Changing patterns in global blindness: 1988–2008
Prevalence of visual impairment
When the Community Eye Health Journal> was launched in 1988, the world population was approximately 5.1 billion. Over the last 20 years, it has increased by approximately 30%, reaching 6.7 billion in 2008. During the same period, the world population has also become proportionally older, as the number of people aged 65 years and over has increased by approximately 55%, from 320 million in 1988 to 500 million in 2008. Since the prevalence of visual impairment becomes higher as people age, this combination of an increasing population and an ageing population is expected to cause a significant increase in the total number of blind people.1
Estimates of the number of people with visual impairment worldwide
In 1988, the number of people who were blind (visual acuity (VA) < 3/60 in the better eye) was estimated to be 37 million worldwide. By 2002–04, the latest period for which we have data (see Table 1), it was estimated to be 45 million: 8 million blind due to uncorrected refractive error and 37 million blind due to other causes.2,3 It is thought that at least 60% of blind people are women.
Little was known in 1988 about the prevalence of low vision (VA <6/18 to 3/60). In 2002, the number of people with low vision was estimated to be 124 million worldwide, but this excluded low vision due to refractive error.2 Owing to a lack of data from surveys, it has only very recently become possible to estimate that there are 145 million people with low vision due to refractive error.3 This figure brings the overall number of people with low vision to 269 million.
In total, the number of people with visual impairment (which includes both low vision and blindness) is therefore estimated to be 314 million worldwide.
Causes of blindness
Over the last twenty years, the causes of blindness have changed in proportion and actual number. Cataract has remained the major cause of blindness globally. It is particularly important in Asia. The numbers of people blinded by trachoma, onchocerciasis, and vitamin A deficiency have tended to decrease over the last twenty years. This is due to improvements in nutrition, water supplies, sanitation, and measles immunisation coverage, as well as to the provision of certain therapeutic medicines: ivermectin (Mectizan® ), vitamin A, and antibiotics. Figure 1 shows the proportion of cases of blindness due to each major cause, according to the most recent estimates.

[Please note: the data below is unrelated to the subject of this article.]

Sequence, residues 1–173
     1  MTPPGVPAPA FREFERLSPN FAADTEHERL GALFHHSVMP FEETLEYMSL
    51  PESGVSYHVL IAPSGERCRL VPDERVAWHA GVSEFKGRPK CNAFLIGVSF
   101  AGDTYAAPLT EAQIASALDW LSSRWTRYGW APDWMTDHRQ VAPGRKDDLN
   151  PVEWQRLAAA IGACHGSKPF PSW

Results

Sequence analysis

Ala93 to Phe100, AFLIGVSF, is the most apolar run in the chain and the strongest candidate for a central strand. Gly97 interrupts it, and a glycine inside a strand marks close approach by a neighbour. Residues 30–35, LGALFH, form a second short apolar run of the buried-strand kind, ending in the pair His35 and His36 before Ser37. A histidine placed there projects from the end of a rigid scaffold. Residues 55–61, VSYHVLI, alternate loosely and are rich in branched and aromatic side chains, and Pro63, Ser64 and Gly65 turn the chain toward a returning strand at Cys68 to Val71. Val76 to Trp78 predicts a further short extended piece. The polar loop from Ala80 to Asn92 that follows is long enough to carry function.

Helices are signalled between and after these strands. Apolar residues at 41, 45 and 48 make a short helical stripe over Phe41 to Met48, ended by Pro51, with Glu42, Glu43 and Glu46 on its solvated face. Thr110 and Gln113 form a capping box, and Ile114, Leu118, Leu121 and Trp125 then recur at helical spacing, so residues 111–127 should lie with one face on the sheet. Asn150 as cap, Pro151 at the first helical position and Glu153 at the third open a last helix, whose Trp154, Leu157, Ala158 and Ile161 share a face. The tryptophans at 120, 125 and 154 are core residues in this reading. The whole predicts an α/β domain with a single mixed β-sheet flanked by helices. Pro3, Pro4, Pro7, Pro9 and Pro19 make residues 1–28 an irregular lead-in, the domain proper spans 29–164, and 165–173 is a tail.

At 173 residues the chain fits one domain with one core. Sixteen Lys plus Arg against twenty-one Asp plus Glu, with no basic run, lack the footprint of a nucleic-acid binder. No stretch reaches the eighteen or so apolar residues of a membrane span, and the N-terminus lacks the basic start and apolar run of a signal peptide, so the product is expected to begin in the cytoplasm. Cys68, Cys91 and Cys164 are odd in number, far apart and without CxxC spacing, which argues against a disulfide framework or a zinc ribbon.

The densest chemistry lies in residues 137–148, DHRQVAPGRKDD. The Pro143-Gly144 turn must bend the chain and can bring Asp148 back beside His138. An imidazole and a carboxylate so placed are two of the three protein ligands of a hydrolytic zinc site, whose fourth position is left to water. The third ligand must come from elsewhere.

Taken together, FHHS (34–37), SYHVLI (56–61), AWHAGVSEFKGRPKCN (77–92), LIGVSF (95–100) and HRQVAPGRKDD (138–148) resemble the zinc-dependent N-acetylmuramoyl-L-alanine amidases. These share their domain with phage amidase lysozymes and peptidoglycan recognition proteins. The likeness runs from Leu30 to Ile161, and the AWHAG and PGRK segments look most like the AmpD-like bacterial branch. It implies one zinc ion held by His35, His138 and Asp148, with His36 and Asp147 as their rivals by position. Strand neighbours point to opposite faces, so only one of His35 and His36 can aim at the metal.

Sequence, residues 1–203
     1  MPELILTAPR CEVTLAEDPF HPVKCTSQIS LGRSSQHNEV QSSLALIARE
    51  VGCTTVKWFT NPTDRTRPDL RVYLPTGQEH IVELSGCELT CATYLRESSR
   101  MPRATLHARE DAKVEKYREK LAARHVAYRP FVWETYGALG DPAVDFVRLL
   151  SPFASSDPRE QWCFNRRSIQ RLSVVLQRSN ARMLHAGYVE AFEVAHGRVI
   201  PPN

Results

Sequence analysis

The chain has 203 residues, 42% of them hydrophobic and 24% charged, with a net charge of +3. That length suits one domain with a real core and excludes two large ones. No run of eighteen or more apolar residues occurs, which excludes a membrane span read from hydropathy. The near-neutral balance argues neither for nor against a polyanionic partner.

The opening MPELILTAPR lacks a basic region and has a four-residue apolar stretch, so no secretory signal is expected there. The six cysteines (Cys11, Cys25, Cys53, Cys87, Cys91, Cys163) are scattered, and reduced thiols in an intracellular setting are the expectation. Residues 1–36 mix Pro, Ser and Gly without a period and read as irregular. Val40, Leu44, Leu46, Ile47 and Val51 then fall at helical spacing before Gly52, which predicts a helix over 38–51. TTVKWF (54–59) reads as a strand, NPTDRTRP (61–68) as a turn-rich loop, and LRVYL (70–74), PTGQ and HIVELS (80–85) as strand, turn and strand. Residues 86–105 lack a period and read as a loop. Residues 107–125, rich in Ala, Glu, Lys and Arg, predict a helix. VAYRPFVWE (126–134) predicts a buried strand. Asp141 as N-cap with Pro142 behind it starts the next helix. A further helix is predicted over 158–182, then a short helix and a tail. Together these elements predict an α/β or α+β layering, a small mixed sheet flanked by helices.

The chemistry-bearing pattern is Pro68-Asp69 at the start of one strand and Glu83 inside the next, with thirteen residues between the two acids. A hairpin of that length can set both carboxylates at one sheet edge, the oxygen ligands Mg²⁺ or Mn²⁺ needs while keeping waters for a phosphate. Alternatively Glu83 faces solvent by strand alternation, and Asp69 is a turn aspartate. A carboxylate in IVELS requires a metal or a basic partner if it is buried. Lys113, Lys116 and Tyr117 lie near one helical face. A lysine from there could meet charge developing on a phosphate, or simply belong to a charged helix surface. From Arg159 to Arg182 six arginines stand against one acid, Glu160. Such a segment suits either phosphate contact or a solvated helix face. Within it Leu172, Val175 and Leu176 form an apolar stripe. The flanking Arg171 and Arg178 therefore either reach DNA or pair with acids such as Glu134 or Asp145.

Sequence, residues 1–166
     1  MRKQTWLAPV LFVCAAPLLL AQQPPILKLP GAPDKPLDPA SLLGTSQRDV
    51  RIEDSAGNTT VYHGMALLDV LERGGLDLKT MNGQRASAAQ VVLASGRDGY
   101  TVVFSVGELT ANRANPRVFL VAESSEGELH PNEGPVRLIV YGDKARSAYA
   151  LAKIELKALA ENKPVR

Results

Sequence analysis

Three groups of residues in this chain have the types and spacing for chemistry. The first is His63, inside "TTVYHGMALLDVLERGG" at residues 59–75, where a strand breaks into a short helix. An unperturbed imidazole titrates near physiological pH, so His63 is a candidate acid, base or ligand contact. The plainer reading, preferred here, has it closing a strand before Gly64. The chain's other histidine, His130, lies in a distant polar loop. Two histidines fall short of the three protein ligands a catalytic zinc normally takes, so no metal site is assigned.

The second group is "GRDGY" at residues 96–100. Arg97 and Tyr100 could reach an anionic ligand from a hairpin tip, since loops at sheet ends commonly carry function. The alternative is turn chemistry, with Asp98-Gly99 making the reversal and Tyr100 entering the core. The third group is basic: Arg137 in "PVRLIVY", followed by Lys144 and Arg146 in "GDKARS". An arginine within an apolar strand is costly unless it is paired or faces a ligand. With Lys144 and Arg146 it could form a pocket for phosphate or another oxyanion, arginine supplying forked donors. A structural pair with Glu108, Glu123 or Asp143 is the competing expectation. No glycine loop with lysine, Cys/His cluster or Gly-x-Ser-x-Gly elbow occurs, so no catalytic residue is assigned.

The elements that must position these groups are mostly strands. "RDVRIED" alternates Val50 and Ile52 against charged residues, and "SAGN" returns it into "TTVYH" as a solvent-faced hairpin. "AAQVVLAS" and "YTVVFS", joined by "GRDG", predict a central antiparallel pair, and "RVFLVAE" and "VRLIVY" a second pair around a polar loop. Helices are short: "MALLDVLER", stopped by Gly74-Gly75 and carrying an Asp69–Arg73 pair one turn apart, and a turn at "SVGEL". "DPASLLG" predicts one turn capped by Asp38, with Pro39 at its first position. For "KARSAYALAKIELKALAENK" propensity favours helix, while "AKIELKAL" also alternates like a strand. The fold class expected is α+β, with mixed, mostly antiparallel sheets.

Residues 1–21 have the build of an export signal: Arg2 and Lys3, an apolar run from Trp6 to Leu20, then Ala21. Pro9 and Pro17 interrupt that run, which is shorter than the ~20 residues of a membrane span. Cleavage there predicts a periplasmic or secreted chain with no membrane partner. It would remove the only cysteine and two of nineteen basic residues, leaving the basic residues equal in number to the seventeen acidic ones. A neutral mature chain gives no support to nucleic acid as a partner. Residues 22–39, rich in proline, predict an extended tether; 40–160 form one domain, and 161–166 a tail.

Figure 1. Proportion of cases of blindness due to each major cause
Over the past twenty years, the major advance in the treatment of cataract has been the worldwide availability of low-cost, good-quality intraocular lenses (IOLs) since the early 1990s. Their routine use has resulted in an increase in both the quality of visual outcome for patients (as shown by population-based rapid assessment of cataract surgical services)3 and the willingness of surgeons to perform cataract surgery at an earlier time, before blindness has developed. This is detailed in the article on page 40. There is evidence that, since the introduction of IOLs, there has been an increase in cataract surgical rates around the world, and particularly in low-income countries.4
Two other important developments in the past twenty years have been the popularisation of phacoemulsification and the introduction of small incision cataract surgery (SICS). Both have resulted in a faster and better restoration of visual acuity. With SICS, in addition, the cost per operation is also lower.
Although it is difficult to obtain accurate figures, it is likely that the global number of cataract operations has increased from about 5 million per year in 1988 to around 15 million per year now.
Despite these overall positive developments, we should not be complacent: 17 million people are blind today because they have not yet received cataract surgery.
In 1988, it was estimated that 150 million children were infected; this number had fallen to approximately 84 million by 2004.6 Similarly, the number of people blind from trachoma decreased from approximately 5 million in 1988 to 1.3 million in 2002.
The SAFE strategy for trachoma control has become widely accepted, tarsal rotation has been shown to be the preferred surgical procedure for trichiasis, and oral azithromycin has become the first-choice antibiotic for mass treatment of communities with endemic trachoma infection (as shown in the article on page 43). It is also highly likely that improvements in water supply and sanitation have significantly reduced the transmission of trachoma infection in poor rural communities in Africa and Asia. However, more investigative work is required in order to reduce recurrence after trichiasis surgery and to identify the most cost-effective strategies for the distribution of azithromycin.